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Brexit means Brexit. But what does Brexit mean for SMEs?

The Federation of Small Businesses and The British Chambers of Commerce met with Theresa May earlier this month as a way for the new Prime Minster to ask the SME community what they need post-Brexit. The Prime Minister has assured small businesses that cuts to EU funding will be replaced and that the SME sector would be “at the heart” of the renegotiation strategy.

But what exactly does Brexit mean for Britain’s small businesses? Can we build up an economy in these uncertain times, and can SMEs find Brexit opportunities?

We are in no doubt destined for many months of uncertainty as politicians grapple with the referendum’s ramifications. Brexit Secretary, David Davis, has hinted that Article 50 of the Lisbon Treaty (the official mechanism to split from Brussels) will be triggered in early 2017, suggesting the UK will only break away from the EU in 2019 after two years of talks.

The National Institute of Economic and Social Research (NIESR) has predicted that the UK has a 50/50 chance of falling into recession within the next 18 months whilst the Bank of England slashed its 2017 growth forecast from 2.3% to 0.8%.

I have long held the opinion that the UK economy was headed for a slowdown before the referendum outcome was known. Brexit may compound it in the short term, but I don’t believe it is the root cause. Indeed, our SME Confidence Tracker study shows that businesses across Britain were adjusting their expectations in Q2 (before the referendum).

Almost a third of SMEs said that the uncertain economic environment within the UK caused them to hold back on investment, with the proportion of SMEs expecting growth dropping by three percentage points to 45% in Quarter 2 2016.

While there is much talk of downturn, there are opportunities on the horizon for many SMEs if they look beyond our shores.

On 3 August, the CBI reported that Britain’s SMEs are expecting to boost exports over coming quarters as the UK becomes more competitive, thanks to a devaluation in the Pound. Our SME Confidence Tracker shows the proportion of SMEs investing in export activity rising steadily since 2014. This is certainly something we are seeing in our International and Trade businesses as many SMEs begin to consider export activity, particularly those who manufacture or source goods from within the UK.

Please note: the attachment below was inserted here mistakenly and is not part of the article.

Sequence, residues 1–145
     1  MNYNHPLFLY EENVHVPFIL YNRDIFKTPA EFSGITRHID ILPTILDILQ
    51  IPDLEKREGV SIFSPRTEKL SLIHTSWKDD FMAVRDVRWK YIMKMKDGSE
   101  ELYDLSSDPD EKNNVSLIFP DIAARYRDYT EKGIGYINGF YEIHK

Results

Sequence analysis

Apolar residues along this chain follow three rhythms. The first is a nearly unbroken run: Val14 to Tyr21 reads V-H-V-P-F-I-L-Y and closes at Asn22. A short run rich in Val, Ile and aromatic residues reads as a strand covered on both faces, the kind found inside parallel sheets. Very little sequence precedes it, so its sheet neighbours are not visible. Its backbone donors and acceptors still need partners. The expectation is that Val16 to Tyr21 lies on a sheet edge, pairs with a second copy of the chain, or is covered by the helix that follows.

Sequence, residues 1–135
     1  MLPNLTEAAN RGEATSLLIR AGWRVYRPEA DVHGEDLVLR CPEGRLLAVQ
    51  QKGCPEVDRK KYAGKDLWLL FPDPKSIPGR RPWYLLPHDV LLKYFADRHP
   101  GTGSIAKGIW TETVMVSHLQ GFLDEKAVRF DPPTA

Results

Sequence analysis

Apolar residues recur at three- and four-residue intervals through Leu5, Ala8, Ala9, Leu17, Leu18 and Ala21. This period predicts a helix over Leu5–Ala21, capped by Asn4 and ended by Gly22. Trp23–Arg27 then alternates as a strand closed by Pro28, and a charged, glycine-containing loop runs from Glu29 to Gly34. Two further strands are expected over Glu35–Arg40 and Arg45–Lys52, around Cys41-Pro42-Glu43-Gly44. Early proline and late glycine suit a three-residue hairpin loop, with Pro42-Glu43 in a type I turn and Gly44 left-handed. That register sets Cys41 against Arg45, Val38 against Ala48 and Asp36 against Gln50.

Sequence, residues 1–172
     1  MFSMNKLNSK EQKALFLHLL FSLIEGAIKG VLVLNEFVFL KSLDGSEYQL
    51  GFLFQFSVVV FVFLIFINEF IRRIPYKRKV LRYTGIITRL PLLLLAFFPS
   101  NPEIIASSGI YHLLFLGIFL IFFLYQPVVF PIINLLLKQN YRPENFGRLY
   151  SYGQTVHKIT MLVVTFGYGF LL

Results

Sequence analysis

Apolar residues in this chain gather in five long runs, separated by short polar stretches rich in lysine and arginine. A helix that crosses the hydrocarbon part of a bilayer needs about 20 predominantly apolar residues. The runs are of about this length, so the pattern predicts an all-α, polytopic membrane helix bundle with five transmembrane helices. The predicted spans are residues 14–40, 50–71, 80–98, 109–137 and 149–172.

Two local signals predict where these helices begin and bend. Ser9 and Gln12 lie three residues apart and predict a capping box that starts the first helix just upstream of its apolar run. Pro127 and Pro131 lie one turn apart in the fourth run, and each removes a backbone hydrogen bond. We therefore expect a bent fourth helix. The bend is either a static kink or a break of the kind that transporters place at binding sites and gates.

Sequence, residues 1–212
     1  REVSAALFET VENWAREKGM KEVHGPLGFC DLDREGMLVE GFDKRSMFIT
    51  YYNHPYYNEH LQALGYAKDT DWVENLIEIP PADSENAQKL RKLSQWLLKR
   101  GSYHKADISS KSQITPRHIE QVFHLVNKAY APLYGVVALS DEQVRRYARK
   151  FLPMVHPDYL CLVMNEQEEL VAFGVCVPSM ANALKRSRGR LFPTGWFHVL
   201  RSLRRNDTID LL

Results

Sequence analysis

While UK interest rates were cut from 0.5% to 0.25%, the Bank of England has signalled that they could go lower if the economy worsens. The worry I have is that a weakening Pound (caused in part by falling interest rates) could increase inflation and thereby necessitate the need for rates to rise more rapidly. I think there was a strong case for the MPC to sit on its hands and not cut rates. The Bank of England Governor, Mark Carney, said that the decision to leave the EU marked a “regime change” in which the UK would “redefine its openness to the movements of goods, services, people and capital”. It is this redefinition of openness that SMEs have most to gain from but also most to lose if the opportunities are not seized.

Mark Carney also announced the Term Funding Scheme, which it is hoped will help mitigate a reduction in the BoE’s benchmark interest rate for commercial banks, supporting them in their efforts to pass on lower rates to customers. The aim of the TFS (which has a capacity of £100bn) is to avoid “perverse effects on the supply of lending from the cut in Bank Rate”.

This move somewhat baffles me as I have been saying for a long time that there is too much money chasing too few businesses. It strikes me that this is a move to help bigger businesses rather than smaller players. I have also warned the Bank that the SME lending bubble will burst. Pouring more petrol on the fire may delay the moment things go awry, but my sense is that it could increase the magnitude when things do.

As Britain grapples with the realities of the economic ramifications of the Brexit vote, it will be incumbent on the Government and the BoE to work together to protect the smallest as well as the biggest players in the economy. As the Prime Minister said, SMEs need to be at the heart of the renegotiation but they also need to be at the heart of economic and business policy.

In the first few weeks of her premiership, the Prime Minster has travelled extensively to meet key political and economic figures to gauge their perspectives and concerns on the issue of the UK withdrawal from the EU. That the SME community is being given a direct line to the PM so early into her administration is a credit to her commitment to Britain’s small businesses and hopefully the sign of future things to come – and soon.

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